# Chapter 4: Consumer Surplus, Producer Surplus and Economic Efficiency

• Using the demand and supply model, we can assess how changes in market prices impact the benefits from trade. Because economists use these benefits as a measure of social welfare and economic efficiency, we can also determine how various government policies influence social welfare and economic efficiency.

• Consumer surplus is the difference between what you are willing and able to pay for a good and the price that you actually pay for the good.

• Consumer surplus can also be viewed as the net benefit you receive from obtaining a good or service, since it is the difference between the benefit you receive from a good, measured as your willingness to pay for the good, and the price you pay for the good.

• We can use the demand curve to illustrate consumer surplus. The "vertical" interpretation of a demand relationship describes the maximum amount that consumers are willing and able to pay to obtain a given amount of a good.

• The sum of the consumer surplus obtained by the buyers and the producer surplus obtained by the sellers is the economic surplus obtained from the transaction.

• Producer surplus is the difference between the price at which a seller is willing and able to sell a good and the price that he or she actually receives for the good.

• Like consumer surplus, producer surplus can be viewed as the net benefit sellers earn from selling a good or service, since it is the difference between the benefit they receive (the revenue they earn from the sale) and the cost of producing and selling the good.

• The sum of the consumer surplus obtained by the buyers and the producer surplus obtained by the sellers is the economic surplus obtained from the transaction.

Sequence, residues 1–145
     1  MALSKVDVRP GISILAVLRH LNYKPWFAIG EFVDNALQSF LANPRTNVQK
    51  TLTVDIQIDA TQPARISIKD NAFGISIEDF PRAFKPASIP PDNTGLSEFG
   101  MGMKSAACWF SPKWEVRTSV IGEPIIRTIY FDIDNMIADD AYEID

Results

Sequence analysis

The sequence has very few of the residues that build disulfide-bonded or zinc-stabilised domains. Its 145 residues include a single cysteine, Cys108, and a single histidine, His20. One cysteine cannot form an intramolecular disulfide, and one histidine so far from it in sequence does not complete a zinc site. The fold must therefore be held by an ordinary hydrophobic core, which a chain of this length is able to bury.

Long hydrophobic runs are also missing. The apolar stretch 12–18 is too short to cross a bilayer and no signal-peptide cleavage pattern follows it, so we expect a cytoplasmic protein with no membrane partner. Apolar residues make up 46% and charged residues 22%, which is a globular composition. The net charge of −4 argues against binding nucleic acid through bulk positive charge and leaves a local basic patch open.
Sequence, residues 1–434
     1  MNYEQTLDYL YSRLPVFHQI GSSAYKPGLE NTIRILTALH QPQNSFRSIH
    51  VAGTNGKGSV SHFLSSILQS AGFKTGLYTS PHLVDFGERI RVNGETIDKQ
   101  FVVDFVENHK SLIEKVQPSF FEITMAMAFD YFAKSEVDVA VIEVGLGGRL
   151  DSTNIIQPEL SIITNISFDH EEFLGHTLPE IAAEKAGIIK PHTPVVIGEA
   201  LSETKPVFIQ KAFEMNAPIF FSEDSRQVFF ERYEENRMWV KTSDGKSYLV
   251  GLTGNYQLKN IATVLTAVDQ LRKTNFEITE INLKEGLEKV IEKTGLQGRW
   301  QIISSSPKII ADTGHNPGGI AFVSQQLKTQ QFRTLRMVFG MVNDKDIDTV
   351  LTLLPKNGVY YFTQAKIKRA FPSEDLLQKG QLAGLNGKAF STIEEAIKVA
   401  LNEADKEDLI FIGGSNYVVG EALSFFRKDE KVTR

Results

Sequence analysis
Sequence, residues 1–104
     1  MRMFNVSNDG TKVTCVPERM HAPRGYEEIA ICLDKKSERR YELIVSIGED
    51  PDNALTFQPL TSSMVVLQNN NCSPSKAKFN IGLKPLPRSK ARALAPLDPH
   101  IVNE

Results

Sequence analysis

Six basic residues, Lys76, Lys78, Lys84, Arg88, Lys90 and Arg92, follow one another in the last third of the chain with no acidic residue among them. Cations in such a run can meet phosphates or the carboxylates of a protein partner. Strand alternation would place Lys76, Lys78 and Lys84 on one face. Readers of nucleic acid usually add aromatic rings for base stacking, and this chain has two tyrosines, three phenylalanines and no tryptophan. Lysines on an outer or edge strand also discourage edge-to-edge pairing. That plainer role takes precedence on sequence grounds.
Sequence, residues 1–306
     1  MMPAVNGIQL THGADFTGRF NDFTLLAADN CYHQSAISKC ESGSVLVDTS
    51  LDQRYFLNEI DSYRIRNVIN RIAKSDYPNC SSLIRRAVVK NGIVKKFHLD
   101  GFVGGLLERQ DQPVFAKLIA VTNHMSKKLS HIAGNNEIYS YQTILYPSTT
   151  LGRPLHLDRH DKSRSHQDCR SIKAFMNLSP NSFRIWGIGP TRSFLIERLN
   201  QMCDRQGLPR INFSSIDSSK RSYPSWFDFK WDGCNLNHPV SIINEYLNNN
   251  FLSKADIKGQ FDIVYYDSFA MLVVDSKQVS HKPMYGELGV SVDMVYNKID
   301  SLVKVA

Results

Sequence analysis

• Here for an example, the market for tutoring services. The equilibrium price is \$30 per hour and the equilibrium quantity is 3 hours per week, shown at point E. At equilibrium, consumer surplus is the triangle ABE (\$22.50 per week), and producer surplus is the triangle CBE (\$22.50 per week). The economic surplus is the triangle ACE, equal to \$45 per week. The economic surplus tells us that the buyers and sellers in this market are better off by \$45 than they would have been if the trade had not taken place.

• At equilibrium, marginal benefits are equal to marginal costs, so that equilibrium generates economic efficiency, the highest possible economic surplus, and the maximum social welfare possible from the market.

• The reduction in economic surplus that results from disequilibrium outcomes is called deadweight loss. Deadweight loss represents the decrease in economic welfare or economic surplus that results from disequilibrium market outcomes.

• Restrictions that place an upper limit on the price that can be charged for a good or service are called price ceilings.

• For example, the market is in equilibrium, the price of tutoring is \$30 per hour and 3 tutoring hours are sold per week. At this equilibrium, economic surplus is \$45.

• Now suppose that some students protest that the \$30 per hour rate for tutoring is too expensive.

• As a result, the administrators impose a price ceiling on tutoring services, limiting the maximum price that can be charged to \$25 per hour.

• At this price, quantity supplied is 2 hours per week and quantity demanded is 4 hours per week.

• Because quantity demanded is greater than quantity supplied, a market shortage of tutoring results, and we would expect to see wait lists for tutoring.

• Price floors place a lower limit on the price of a good or service by establishing a minimum price that can be charged for a good or service.

• Suppose a price floor is set at \$40 per hour. At that price, quantity supplied is 5 hours per week and quantity demanded is 1 hour per week.

• This generates a market surplus of tutoring services of 4 hours per week.

• Consumer surplus will now be the triangle AFH, and producer surplus will be the area of the triangle BGC plus the rectangle ABCH. The price floor will generate a deadweight loss equal to the triangle AEB.

• A quota is used to restrict the production of goods and services or to limit the amount of imports of goods allowed into a country.

• We use the concept of economic surplus to help us assess who bears the costs or reaps the benefits of government restrictions on market activities. Because restrictions on market activity generate deadweight losses and tend to benefit some groups at the expense of others, they are highly controversial.